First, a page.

No bond is as great as that between a parent and their child. With deepest sympathies and prayers for comfort as you grieve, we shall continue to pray for peace. Aaron Seth Aamot was born on April 12, 1987, in his grandmother's house on the Guide Meridian, Bellingham, Washington. He was killed in action on November 5, 2009, in Afghanistan. Aaron was raised in Whatcom County on a small farm in Custer. He was active in the Critters & Co. 4-H Club and the Ferndale FFA. The Whatcom Youth Fair and the Northwest Washington Fair were favorite events for Aaron. The attacks on September 11, 2001, gave Aaron the determination to serve his country in the armed forces. After graduating from Ferndale High School in 2006, he went to Basic Training in Fort Benning, Georgia. After being stationed at Fort Lewis, Aaron enjoyed his role driving a Stryker vehicle in the newly formed 5th Stryker Brigade. The 5-2 SBCT deployed in July 2009 to the area around Kandahar. Aaron was driving his Stryker on a patrol when it hit a buried explosive. He is survived by his parents, Mark and Julie (Hinds) Aamot of Custer; siblings, Matthew (Angela), Joshua, Nellie (Ricky) Huisman, Benjamin (Catrina); Dale; Ethan; and Daniel. Grandparents are the late Arnold Aamot and Charlotte (Reeck) Aamot of Bellingham, and William and Donna (McDougle) Hinds of Sedro-Woolley. Aaron was a devoted uncle to nephews Elijah, Samuel, Oliver, and Nathaniel, and nieces, Evelyn, Janett, Ella, and Catherine. He is also survived by many aunts, uncles, and cousins. Funeral services will be held on Saturday, November 14, 2009, at 1:00 PM, in the Ferndale High School Gymnasium. The public is invited to attend. A graveside service will be held at Haynie Cemetery immediately following. Those wishing to honor Aaron's memory and service may do so at any ICU branch where a fund has been started to benefit the 4-H Youth Programs in Whatcom County. Aaron's family also requests that the community keep the soldiers who are still in harm's way and their families in prayer. You may share your thoughts and memories of Aaron on the online guest book at, Moles Family Funeral Home & Crematory, Ferndale, Washington.Thousands of supporters lined the route taken by the motorcade for slain Custer soldier Spc. Aaron Aamot, whose body arrived at Bellingham International Airport Thursday, Nov. 12. Aamot, 22, was killed Nov. 5 when his Stryker vehicle drove over a bomb in Afghanistan.–ANDY BRONSON, THE BELLINGHAM HERALD.

An online photo gallery honoring Aaron is available at The Bellingham Herald: Honoring Aaron Aamot.
Thank you Aaron for the greatest of sacrifices to keep the people of the United States safe. May we never take it for granted.

Friday, November 13, 2009

Hail, Not Snow

Hail, that's what we have. Not snow - not yet anyway!And, my walkway is flooded.
Look out Whatcom County, it's said that by tonight, the snow level will be down to the 500' level - maybe even dipping as low as 200'. I live at about the 150' level, we'll see what happens in my driveway. Meanwhile, already at Steven's Pass, this is what faces the drivers.

Thursday, November 12, 2009

Saturday, November 7, 2009

San Juan Journal Reports on the Seal Release

As reported by Jane K. Fox for the San Juan Journal, here is the video from the seal release during the visit by some of us members of the Whatcom Marine Mammal Stranding Network (WMMSN) to the Wolf Hollow Wildlife Rehabilitation Center near Friday Harbor on San Juan Island.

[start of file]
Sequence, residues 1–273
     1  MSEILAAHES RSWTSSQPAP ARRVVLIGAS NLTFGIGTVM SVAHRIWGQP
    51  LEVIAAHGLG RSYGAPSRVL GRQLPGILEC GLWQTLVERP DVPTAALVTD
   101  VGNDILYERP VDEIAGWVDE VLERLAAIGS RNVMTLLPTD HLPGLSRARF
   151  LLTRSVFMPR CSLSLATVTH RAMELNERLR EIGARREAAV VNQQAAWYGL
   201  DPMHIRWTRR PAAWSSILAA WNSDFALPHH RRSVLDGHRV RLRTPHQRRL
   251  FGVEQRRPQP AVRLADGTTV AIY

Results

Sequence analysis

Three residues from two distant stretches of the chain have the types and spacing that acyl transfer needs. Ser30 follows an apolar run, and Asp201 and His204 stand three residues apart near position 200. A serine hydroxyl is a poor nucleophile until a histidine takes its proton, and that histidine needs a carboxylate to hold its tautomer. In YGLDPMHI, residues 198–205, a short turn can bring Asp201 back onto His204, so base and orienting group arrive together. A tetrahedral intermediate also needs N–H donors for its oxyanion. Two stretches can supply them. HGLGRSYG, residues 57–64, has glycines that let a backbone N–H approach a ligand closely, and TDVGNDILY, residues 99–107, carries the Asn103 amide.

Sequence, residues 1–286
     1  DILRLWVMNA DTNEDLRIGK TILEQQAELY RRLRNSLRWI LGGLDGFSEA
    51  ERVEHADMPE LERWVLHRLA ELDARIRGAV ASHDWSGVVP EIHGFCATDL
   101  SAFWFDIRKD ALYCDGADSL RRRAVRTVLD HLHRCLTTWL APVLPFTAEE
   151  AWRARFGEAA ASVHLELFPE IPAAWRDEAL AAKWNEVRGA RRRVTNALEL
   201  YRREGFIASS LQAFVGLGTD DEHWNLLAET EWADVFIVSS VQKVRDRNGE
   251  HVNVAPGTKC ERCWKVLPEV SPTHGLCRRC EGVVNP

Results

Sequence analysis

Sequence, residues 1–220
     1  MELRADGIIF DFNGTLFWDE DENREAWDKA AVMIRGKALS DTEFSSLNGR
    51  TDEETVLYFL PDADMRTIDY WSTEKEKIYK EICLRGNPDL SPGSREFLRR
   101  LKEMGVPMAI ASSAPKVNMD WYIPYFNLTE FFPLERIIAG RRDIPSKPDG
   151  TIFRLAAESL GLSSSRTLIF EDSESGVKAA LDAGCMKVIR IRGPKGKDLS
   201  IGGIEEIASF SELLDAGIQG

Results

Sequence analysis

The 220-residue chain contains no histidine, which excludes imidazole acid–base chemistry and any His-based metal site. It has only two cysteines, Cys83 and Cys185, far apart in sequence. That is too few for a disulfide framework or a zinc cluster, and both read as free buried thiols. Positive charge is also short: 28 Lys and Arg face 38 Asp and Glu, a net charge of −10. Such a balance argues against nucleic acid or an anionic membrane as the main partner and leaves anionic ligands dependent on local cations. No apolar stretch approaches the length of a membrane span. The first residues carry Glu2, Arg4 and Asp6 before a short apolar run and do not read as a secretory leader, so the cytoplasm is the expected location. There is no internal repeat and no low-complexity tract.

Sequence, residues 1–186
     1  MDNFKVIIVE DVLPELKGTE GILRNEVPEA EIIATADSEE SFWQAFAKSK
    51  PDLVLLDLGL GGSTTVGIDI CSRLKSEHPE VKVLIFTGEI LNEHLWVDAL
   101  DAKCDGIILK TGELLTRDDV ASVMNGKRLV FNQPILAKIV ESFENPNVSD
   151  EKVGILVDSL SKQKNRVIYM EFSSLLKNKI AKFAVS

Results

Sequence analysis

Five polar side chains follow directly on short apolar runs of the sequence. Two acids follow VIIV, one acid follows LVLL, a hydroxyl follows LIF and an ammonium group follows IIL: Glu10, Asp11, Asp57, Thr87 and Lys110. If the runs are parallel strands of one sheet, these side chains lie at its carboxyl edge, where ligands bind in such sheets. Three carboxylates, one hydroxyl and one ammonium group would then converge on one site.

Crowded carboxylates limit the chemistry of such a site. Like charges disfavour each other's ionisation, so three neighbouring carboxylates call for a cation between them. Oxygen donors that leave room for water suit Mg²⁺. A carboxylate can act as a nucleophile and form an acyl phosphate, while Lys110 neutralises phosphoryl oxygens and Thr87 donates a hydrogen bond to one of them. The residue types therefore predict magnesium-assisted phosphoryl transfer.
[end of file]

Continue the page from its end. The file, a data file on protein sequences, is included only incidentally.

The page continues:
Other members of our stranding network are included in the video in separate interviews discussing their excitement about the release of these three seals and telling about when the seal, Chitenango, was first found stranded along a beach on Lummi Island and sent to Wolf Hollow for rehabilitation.

Did you know that the Whatcom Marine Mammal Stranding Network has volunteer positions just waiting to be filled? If you share a love and concern for our local marine mammals, there are many ways in which you can help. Currently we have openings in the following areas:
  • Stranding response team members
  • Necropsy technicians
  • Education and and outreach
  • General support

Please contact me, the WMMSN Volunteer Director, at to learn more about how you too can help make a difference.

It's cool stuff!

Thursday, November 5, 2009

Huge Fire

Still in shock about the huge fire at Whatcom Middle School that was fueled by high winds during the night, I can hardly believe it.
Reader photo submitted to the Bellingham Herald
Built in the early 1900s, Whatcom is one of the oldest school buildings in the State of Washington, and a major landmark in this town. In the 1930s, my father attended Whatcom when it served as a high school. After Bellingham High School was built, Whatcom became a junior high school - that's when I attended Whatcom. More years later, Whatcom had changed to a middle school and my daughter attended. For now, all classes have been canceled and Whatcom will sit gutted, burned out, void of academics and no longer filled with the voices of students past while fire officials investigate this tragic fire and the Bellingham School District sorts out what to do with their 600 or so displaced students.
Read an article and view photos at the Bellingham Herald here -
The news about the fire at Whatcom is quickly spreading. Check out the video of this fire already posted on Youtube (thank you fistofblog).
Did you happen to catch the sound of the wind during the end of this video? The wind, in gusts of 30 to 40 miles per hour, certainly must have contributed to the most difficult and dangerous job of containing and fighting this fire as the crews worked throughout the night.
Sometimes I try to remember what life was like before Youtube. Now I should ponder what life might be like AFTER this fire.